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‘I Could See Them in Protein Drinks.’ Scientists Say Cockroach Milk Could Be Good For You

This photo dated 13 March, 2007 shows aThis photo dated 13 March, 2007 shows a
A cockroach raised by Professor Lin Jin-tun of Taiwan Normal University in Taipei.SAM YEH/ AFP/ Getty Images

This article originally appeared on Time.com.

While the sight of a cockroach is sure to turn stomachs, milk protein crystals found inside the creatures can serve as healthy protein supplements for humans, scientists said.

A team of scientists from the Institute of Stem Cell Biology and Regenerative Medicine (inStem) in Bangalore, India, recently unravelled the structure of milk protein crystal from the guts of a cockroach species called Diploptera punctata, the only known roach species to give birth to live young, the Times of India reports. The species lives along Asia’s Pacific rim.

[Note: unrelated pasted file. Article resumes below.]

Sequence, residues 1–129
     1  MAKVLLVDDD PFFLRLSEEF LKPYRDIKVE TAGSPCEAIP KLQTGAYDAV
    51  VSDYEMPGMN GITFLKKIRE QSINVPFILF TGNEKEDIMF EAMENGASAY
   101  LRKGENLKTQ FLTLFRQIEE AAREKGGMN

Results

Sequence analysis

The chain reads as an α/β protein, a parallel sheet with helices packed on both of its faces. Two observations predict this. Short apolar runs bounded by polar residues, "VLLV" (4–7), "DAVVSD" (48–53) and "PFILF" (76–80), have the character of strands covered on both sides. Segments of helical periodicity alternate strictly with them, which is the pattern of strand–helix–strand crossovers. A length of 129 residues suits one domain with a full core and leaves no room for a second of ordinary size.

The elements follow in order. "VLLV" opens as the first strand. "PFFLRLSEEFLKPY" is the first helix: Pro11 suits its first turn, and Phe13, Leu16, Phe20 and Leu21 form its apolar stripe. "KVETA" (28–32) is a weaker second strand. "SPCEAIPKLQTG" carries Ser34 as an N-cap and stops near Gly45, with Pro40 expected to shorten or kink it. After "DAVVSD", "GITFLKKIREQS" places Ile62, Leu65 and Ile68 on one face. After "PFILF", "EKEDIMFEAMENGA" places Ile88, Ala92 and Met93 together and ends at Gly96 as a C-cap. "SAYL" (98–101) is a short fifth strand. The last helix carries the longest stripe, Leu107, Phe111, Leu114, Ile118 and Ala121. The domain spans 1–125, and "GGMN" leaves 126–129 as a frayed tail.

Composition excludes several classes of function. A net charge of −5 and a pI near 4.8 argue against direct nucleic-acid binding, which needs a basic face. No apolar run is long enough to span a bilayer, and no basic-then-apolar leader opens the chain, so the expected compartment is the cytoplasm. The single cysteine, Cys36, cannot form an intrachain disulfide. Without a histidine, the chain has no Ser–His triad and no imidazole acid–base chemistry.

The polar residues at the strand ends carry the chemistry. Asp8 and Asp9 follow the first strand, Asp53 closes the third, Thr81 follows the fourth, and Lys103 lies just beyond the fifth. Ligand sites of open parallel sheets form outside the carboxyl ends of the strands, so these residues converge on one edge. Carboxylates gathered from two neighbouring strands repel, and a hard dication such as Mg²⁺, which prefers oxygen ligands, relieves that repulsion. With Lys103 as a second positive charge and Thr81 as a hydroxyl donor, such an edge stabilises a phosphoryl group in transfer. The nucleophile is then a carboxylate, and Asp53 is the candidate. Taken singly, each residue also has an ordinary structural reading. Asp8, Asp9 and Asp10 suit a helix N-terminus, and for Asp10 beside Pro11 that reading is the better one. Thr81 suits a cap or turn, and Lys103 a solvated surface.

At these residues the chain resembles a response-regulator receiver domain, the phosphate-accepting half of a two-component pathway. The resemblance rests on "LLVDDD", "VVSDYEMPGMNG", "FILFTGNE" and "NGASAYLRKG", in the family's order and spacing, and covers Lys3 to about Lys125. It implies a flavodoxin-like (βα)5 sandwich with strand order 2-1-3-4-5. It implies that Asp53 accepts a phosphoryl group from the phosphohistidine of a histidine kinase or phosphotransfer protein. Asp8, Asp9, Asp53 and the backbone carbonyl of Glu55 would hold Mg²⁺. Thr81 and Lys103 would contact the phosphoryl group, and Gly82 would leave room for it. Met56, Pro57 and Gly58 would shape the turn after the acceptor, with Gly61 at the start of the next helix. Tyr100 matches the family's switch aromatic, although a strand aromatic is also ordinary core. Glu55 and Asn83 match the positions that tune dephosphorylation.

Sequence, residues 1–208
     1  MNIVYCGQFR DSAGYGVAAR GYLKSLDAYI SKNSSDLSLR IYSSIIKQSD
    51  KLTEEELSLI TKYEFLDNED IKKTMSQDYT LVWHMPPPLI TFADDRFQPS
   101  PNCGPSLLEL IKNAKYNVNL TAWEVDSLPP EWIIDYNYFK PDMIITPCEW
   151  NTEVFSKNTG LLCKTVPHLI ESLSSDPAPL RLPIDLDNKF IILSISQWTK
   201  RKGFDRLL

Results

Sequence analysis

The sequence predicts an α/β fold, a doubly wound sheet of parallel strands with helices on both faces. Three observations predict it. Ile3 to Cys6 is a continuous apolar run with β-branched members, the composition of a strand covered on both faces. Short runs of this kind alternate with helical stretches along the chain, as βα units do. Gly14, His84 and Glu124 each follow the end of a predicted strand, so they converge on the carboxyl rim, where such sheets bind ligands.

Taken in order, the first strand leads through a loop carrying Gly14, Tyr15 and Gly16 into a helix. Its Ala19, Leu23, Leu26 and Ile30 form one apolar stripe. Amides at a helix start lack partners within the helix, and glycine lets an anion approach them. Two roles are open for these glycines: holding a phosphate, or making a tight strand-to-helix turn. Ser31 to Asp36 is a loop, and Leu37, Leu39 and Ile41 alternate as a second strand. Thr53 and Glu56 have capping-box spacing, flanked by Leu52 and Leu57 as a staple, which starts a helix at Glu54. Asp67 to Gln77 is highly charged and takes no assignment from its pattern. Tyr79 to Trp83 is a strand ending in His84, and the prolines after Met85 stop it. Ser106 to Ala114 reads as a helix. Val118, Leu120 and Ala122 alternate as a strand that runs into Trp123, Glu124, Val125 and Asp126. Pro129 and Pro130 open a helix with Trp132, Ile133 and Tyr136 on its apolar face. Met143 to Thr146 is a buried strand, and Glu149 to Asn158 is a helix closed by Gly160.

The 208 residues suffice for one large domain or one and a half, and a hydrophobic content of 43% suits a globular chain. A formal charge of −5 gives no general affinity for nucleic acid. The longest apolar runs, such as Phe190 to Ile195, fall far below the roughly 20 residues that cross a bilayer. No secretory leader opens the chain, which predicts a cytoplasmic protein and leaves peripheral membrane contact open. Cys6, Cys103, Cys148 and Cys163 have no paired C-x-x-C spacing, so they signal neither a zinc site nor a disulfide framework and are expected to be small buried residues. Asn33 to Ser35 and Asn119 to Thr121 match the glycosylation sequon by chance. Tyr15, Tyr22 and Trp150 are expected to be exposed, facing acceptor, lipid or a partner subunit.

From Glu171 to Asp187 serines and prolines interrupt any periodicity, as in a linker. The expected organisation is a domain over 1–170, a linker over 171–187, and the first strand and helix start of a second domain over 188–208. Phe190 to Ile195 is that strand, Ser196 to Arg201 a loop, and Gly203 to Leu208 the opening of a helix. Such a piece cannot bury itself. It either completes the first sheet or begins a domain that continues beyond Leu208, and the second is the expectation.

The team found that a single milk crystal is highly caloric and contains more than three times the energy of the same amount of dairy milk. The researchers previously found Buffaloes produced milk protein with the highest amount of calories. The finding comes at a time when debates rage over the environmental and health impacts of dairy and almond milk.

“The crystals are like a complete food — they have proteins, fats and sugars,” Sanchari Banerjee, one of the main authors of the study, told the Times of India. “If you look into the protein sequences, they have all the essential amino acids.”

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It may be a while before people can pick up cockroach milk supplements at the store. Researchers have not yet determined whether the crystals are toxic to humans.

The team now plans to use a yeast system to produce more crystals to possibly be used as protein supplements in the future.

“I could see them in protein drinks,” Subramanian Ramaswamy, a biochemist at inStem told the Washington Post.